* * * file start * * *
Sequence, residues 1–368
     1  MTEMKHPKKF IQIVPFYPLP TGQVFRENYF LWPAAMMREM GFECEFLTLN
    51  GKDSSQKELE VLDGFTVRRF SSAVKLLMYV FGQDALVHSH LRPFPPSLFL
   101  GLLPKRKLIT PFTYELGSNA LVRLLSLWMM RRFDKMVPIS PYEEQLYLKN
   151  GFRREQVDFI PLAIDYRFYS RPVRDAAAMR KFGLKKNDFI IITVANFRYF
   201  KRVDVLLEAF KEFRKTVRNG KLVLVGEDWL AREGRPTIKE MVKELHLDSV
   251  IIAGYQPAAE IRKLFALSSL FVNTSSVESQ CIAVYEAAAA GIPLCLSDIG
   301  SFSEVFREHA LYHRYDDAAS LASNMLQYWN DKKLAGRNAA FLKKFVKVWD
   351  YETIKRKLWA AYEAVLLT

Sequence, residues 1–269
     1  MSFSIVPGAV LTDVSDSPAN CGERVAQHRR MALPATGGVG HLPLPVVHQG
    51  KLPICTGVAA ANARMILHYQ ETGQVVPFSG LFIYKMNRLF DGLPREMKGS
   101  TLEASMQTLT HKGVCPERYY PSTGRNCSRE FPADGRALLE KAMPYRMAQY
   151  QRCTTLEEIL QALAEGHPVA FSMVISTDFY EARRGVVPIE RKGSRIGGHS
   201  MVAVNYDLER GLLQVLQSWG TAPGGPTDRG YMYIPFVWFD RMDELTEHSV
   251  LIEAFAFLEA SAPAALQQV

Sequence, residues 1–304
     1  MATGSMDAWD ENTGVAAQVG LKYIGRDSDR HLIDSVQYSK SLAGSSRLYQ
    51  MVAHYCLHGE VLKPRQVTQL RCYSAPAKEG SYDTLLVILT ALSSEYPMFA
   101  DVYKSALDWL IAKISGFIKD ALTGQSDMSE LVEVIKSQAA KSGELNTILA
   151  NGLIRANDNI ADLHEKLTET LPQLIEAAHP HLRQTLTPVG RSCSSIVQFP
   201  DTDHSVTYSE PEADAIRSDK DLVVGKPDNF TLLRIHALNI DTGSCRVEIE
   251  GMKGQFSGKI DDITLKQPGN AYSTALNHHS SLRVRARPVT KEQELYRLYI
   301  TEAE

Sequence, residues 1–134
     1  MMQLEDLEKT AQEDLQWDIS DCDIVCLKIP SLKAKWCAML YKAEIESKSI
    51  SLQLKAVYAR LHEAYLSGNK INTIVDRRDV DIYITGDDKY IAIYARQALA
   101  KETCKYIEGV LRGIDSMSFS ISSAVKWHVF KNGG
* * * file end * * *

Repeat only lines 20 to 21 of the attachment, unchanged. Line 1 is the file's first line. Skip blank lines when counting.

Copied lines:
   101  DVYKSALDWL IAKISGFIKD ALTGQSDMSE LVEVIKSQAA KSGELNTILA
   151  NGLIRANDNI ADLHEKLTET LPQLIEAAHP HLRQTLTPVG RSCSSIVQFP